“Blame the Nazi Germans for making me become a gun designer … I always wanted to construct agriculture machinery.”
– Mikhail Kalashnikov

A weapon has no politics. Only the man holding it has.

By this reasoning we do not see the AK-47 as some deplorable tool for spreading chaos and communism. Instead we respect it as a feat of modern engineering. Although Russia’s influence in global affairs surely helped, the AK-47 owes much of its status as the world’s most produced firearm to its simple and reliable design.

The AK-47 was developed by Mikhail Kalashnikov, a tinkerer turned firearm designer. His vision for “a weapon of defense” and “not a weapon for offense” came to him shortly after his service during the Battle of Bryansk.

The Battle of Bryansk

The 1942 Battle of Bryansk

The Battle of Bryansk took place during the first three weeks of October in 1941. It was a part of Nazi Germany’s Operation Typhoon, an unsuccessful attempt to invade Moscow that would ultimately prove instrumental in their downfall. The Battle of Bryansk didn’t go as badly for the Germans as their overall offensive, however.

By October 2nd, Germany had already isolated a large part of the Red Army on the Western Front. The Russian troops trapped in the Smolensk pocket had two options: quickly engage the Germans in an attempt to drive back their invasion, or wait for additional German tanks to arrive.

The Russians decided more Panzers would not improve their situation. They launched an attack only to find themselves overwhelmed by the existing German force. In addition to the strength of their armored forces, the German army’s selective-fire StG 44 rifle gave them a great advantage over the Russians, many of whom were only armed with bolt-action Mosin-Nagants.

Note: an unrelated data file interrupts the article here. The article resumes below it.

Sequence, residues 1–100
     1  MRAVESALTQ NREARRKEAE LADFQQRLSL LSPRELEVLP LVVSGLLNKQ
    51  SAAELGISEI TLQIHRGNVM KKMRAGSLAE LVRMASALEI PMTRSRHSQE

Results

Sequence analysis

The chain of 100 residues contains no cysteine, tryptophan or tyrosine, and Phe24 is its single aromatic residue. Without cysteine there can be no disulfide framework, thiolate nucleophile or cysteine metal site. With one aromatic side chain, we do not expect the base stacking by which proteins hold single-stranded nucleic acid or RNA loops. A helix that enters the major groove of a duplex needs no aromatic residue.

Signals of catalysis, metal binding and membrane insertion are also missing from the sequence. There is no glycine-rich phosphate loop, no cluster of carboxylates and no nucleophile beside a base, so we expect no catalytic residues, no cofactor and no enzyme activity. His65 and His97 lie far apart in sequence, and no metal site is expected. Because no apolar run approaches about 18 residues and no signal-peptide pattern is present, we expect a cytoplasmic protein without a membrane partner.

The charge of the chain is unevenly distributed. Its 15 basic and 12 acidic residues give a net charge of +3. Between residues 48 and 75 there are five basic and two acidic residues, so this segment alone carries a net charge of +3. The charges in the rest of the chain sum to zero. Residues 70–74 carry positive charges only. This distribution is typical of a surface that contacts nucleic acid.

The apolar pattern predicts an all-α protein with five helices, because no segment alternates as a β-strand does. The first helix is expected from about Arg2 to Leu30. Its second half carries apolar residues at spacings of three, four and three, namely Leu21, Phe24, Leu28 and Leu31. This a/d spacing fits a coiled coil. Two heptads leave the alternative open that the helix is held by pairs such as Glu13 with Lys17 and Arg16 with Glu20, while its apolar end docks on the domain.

The entirety of the Red Army within the Smolensk pocket was killed, wounded, captured, or repelled back toward Moscow.

Kalashnikov’s Vision

A young Mikhail Kalashnikov

Mikhail Kalashnikov in 1949.

Artillery fire had wounded Senior Sergeant Mikhail Kalashnikov in his left shoulder during the battle. The 21-year-old man managed to walk to a hospital despite his injury. During his stay Kalashnikov experienced repeated nightmares of his companions dying around him, and listened to other wounded men complain about how poorly their rifles had performed in battle.

Kalashnikov began to obsess over creating a superior submachine gun – one which might have saved the lives of his friends and countrymen during the harrowing ordeal he had just endured, and drive the Germans out of his Motherland for good.

Kalashnikov’s Background

Kalashnikov was one of 19 children born to a peasant family in rural south-central Russia. His family often relied on hunting to put food on the dinner table, so he learned to use his father’s rifle at a young age. He had always had an aptitude for machinery as well, taking a job as a mechanic in a tractor factory after completing the seventh grade.

While Kalashnikov worked at the factory, a communist party organizer took note of his skill and work ethic. He issued the young man a directive: to report for work at a nearby armory, where he would test rifle stocks. If Kalashnikov objected to his new assignment, he was wise to do so in secret.

Recruitment to the Red Army forced Kalashnikov to hold off on his weapon development work in 1938. He was a natural tank mechanic, short in stature with previous experience keeping large engines purring. Even as a tank man, the tinkerer took occasional time out to design small arms – the seeds of the AK-47.

Development of the AK-47

AK-47 at the shooting range